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James R. Stout

Dum Dum Dum Dum Duh Do Wah

            It’s good to be back on my blog. As many of you know, I have been going through moving from my country ranch to a new house near my daughter and her family. It’s been quite a change and a great one at that. Oh, I miss the scenery and serenity of living on the farm, but not the work. I have nerve damage in my legs that simply put an end to many aspects of working on a ranch. But that’s ok. I am now within less than a mile from my grandchildren and getting to see them almost daily is worth more than I could ever state. So much for all of the minutia of moving. Yes, I still have some boxes to unpack and not a picture is hung on the walls yet. I’m in no hurry though.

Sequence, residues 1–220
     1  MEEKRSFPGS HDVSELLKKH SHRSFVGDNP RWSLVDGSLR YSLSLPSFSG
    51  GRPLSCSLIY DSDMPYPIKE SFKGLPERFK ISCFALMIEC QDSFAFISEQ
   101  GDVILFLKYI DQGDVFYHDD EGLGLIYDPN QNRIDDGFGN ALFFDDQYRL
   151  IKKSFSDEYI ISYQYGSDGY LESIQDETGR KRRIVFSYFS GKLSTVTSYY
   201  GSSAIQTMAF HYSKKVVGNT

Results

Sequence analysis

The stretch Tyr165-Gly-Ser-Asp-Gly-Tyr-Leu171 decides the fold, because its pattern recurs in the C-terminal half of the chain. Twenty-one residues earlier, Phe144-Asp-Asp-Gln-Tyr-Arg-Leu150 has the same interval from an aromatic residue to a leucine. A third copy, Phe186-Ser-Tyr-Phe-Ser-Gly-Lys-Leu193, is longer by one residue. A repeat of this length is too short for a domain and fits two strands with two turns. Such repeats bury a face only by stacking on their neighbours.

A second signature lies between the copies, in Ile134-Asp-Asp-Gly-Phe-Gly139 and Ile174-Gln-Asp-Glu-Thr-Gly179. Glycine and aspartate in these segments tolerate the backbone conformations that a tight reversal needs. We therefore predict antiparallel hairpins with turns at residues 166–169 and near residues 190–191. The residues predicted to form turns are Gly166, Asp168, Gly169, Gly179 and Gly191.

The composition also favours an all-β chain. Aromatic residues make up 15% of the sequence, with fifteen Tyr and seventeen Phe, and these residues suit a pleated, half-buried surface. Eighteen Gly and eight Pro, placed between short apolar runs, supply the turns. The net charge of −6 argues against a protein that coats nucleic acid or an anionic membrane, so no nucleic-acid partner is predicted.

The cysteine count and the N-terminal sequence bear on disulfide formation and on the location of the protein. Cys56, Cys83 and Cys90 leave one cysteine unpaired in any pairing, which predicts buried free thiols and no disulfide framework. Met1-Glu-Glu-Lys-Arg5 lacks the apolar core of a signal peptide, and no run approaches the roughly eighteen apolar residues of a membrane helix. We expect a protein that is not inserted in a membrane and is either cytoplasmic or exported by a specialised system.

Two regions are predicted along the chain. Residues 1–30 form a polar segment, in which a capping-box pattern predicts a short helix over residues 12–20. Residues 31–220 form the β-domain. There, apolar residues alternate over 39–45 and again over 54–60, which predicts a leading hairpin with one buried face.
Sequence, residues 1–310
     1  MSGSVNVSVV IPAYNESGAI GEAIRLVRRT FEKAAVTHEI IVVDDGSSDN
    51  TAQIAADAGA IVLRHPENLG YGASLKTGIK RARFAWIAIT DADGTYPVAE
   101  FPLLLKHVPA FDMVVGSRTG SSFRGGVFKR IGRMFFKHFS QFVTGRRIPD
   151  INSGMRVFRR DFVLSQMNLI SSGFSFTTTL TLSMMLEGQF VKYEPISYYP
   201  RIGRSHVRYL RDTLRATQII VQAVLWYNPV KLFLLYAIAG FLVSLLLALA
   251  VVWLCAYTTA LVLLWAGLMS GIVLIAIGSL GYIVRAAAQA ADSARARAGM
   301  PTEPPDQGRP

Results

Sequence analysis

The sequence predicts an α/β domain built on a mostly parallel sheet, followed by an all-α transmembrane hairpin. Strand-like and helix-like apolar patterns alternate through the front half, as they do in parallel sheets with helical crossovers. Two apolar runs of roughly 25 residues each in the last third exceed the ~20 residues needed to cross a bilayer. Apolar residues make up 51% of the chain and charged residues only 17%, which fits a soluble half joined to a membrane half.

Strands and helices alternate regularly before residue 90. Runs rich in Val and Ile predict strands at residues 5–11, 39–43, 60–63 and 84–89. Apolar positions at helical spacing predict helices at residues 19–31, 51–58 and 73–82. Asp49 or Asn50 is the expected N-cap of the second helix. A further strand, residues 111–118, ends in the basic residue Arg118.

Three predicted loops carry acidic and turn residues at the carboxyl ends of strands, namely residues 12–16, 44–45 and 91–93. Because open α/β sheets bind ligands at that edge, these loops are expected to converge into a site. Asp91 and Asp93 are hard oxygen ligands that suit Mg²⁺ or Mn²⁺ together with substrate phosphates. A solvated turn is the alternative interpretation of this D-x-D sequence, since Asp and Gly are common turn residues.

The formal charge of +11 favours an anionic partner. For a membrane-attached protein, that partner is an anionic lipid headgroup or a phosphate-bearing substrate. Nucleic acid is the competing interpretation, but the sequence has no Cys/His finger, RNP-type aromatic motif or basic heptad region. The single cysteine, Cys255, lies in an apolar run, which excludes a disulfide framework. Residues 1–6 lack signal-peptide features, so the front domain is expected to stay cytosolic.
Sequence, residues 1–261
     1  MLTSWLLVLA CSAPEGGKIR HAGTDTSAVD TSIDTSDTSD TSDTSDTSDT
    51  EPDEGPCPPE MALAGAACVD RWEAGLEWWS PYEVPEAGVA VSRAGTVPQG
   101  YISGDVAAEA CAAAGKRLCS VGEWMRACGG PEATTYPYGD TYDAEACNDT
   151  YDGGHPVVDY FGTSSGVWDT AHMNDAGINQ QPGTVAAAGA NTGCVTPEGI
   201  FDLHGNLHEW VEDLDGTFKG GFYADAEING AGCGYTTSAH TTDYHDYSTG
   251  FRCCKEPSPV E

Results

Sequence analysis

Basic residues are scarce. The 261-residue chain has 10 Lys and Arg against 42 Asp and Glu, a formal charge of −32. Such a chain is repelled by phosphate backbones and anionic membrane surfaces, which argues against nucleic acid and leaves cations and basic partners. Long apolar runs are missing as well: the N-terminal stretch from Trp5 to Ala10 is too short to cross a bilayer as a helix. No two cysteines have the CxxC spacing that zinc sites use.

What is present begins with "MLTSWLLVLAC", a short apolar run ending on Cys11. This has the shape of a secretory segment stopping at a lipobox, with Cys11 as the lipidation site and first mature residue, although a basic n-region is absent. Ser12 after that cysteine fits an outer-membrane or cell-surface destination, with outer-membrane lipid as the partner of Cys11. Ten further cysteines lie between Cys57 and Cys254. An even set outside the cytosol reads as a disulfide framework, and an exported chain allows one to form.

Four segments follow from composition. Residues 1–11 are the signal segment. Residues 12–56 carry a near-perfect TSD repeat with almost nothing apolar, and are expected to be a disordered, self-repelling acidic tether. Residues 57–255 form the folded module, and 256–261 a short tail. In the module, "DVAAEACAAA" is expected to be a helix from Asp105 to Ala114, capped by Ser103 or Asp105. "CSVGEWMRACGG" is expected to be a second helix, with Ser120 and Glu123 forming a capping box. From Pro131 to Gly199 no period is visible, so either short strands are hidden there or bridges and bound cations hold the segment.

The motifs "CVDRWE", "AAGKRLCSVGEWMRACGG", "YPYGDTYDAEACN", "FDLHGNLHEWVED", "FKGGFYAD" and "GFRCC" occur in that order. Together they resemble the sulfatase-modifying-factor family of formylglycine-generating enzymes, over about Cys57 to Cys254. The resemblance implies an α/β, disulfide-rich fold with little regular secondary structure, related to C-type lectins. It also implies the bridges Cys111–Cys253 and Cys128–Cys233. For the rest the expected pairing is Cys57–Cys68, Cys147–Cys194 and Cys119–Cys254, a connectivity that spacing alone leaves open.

Last night I took the opportunity to watch a DVD that I haven’t watched in many years. It’s a live concert of Roy Orbison and Friends that was recorded on September 30, 1987 and released to video in January of 1988. First, let me say that it is quite possibly the best recorded live performance that I have ever seen. And I’ve seen a few that were mighty good. But this one is special. It includes 18 of his best and most famous songs. The guest backing band and singers were the cream of the crop in 1987. Jackson Browne, Bruce Springsteen, J.D. Souther, K.D. Lang, Bonnie Raitt, the TCB band (same band that was Elvis Presley’s band from 1969-1977) that included legends James Burton and Jerry Scheff, Elvis Costello, T-Bone Burnett, Tom Waits, and Jennifer Warnes among others. The wonderful part of this group of artists backing Roy is the fact that they didn’t try to inject themselves and their particular styles into the music. It was as though you were sitting in the studio when the records were recorded originally. The arrangements were the same, instruments the same, vocals the same, and most importantly Roy himself sounded better than ever despite being 51 years old at the time. Not that 51 is over the hill, but it shows quite clearly that Roy never lost a step and actually got better with age. Enough technical information.